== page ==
Silica can be found everywhere, from animals and plants (virtually every living organisms) to the earth and the environment we live in. In humans, silica presents in small quantity, predominantly found in connective tissues such as hair, skin, nails, bones, teeth, cartilage and blood vessels.
What silica does?
Silica helps with the production of collagen. And since collagen is one of the major components that make up connective tissues which provide structure and support to literally all tissues within the body, collagen deficiency can weaken the structure of connective tissues and lead to a whole lot of health problems. Silica, therefore, seems like a promising agent for treating many health problems.
Despite of that, scientist has only started to look into the potential therapeutic use of silica in the past few decades. To date, many silica-containing supplements are marketed for hairs, skin and nails, as well as strong teeth and bones.
Researchers have found that silica appeared beneficial in brittle nail syndrome and osteoporosis. Apart from that, there are also claims that silica may lower the chance and severity of atherosclerosis (narrowing and hardening of arteries) and reduce the risk of Alzheimer disease.
Sources of silica:
As previously mentioned, silica presents in plants and animals. The silica content in plant-derived foods such as cereals, oats and root vegetables are higher than animal-derived products such as meat and dairy. Horsetail, which is a type of herb, has also been used to make dietary supplements because of its high silica content. Guess where else do we get our daily dose of silica from? Drinking water, mineral water and even beer! Did I mention that silica is also commonly used as food additive for many different purposes! (But let’s not get into too much details on that!)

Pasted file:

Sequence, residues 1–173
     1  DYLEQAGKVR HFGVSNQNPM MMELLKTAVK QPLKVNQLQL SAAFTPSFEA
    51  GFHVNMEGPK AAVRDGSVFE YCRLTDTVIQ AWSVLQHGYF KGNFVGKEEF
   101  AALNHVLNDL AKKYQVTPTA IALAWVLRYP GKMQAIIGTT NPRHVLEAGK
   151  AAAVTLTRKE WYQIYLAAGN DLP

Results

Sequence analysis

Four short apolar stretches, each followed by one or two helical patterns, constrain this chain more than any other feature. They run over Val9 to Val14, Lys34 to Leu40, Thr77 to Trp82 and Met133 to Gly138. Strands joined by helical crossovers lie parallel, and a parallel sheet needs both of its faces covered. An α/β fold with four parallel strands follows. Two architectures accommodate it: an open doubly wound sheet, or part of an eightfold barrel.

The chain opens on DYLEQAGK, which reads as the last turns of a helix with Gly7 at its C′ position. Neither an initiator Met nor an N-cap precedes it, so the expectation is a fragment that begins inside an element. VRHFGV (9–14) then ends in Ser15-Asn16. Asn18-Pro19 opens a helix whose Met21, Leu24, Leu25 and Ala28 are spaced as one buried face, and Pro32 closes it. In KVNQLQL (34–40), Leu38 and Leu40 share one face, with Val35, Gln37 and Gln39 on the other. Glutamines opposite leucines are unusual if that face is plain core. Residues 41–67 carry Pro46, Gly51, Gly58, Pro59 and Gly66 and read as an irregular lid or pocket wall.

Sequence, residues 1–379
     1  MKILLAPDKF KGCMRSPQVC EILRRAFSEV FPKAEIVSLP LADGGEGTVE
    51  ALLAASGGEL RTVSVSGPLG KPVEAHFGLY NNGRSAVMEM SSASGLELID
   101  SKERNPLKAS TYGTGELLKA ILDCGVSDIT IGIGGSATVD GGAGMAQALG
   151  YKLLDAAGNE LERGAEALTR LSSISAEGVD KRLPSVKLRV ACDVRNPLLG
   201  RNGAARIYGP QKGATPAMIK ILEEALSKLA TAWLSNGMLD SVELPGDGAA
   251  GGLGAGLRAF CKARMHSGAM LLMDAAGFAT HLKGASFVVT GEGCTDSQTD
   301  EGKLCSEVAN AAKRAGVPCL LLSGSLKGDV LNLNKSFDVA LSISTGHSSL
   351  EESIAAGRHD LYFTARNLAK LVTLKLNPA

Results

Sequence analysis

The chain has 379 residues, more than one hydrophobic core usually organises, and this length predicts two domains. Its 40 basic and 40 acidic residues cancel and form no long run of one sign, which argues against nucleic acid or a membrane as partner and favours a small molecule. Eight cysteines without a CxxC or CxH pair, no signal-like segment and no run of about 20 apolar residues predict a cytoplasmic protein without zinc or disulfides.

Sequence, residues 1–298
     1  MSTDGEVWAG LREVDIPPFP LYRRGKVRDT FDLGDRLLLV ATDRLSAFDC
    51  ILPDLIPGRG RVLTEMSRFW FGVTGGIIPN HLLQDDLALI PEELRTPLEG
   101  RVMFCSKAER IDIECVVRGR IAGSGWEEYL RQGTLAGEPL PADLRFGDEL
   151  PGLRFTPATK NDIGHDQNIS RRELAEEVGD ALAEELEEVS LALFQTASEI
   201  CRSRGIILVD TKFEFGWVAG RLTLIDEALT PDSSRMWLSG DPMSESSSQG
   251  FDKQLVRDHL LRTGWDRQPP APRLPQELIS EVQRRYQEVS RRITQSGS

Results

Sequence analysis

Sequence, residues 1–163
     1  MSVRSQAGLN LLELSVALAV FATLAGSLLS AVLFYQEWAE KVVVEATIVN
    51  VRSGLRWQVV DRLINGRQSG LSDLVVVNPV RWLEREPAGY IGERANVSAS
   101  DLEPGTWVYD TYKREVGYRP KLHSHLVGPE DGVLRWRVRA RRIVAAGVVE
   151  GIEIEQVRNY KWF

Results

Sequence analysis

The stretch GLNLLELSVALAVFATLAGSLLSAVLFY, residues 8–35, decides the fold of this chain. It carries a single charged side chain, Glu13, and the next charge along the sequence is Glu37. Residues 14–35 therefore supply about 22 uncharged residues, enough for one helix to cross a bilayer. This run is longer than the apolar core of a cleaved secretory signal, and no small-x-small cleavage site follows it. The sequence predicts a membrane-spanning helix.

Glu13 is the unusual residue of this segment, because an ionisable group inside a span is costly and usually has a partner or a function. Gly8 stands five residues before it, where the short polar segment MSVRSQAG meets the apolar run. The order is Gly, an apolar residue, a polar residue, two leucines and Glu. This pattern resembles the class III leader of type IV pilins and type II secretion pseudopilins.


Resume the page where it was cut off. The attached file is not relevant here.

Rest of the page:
Nevertheless, it should be noted that though silica can be found in many food sources we consumed daily, not all of them are well absorbed.
Fortunately, nowadays you can easily find supplements containing silica that are well absorbed by our body on the markets.
Potential adverse effects associated with oral intake of silica include silica stones with long term therapy.
Toxicity of inhaled silica is thought irrelevant to oral exposure.
As with any other dietary supplements, you are advised to talk to your health professionals before you start taking them.
Jurkić LM, Cepanec I, Pavelić SK, Pavelić K. Biological and therapeutic effects of ortho-silicic acid and some ortho-silicic acid-releasing compounds: New perspectives for therapy. Nutrition & Metabolism. 2013;10:2. doi:10.1186/1743-7075-10-2.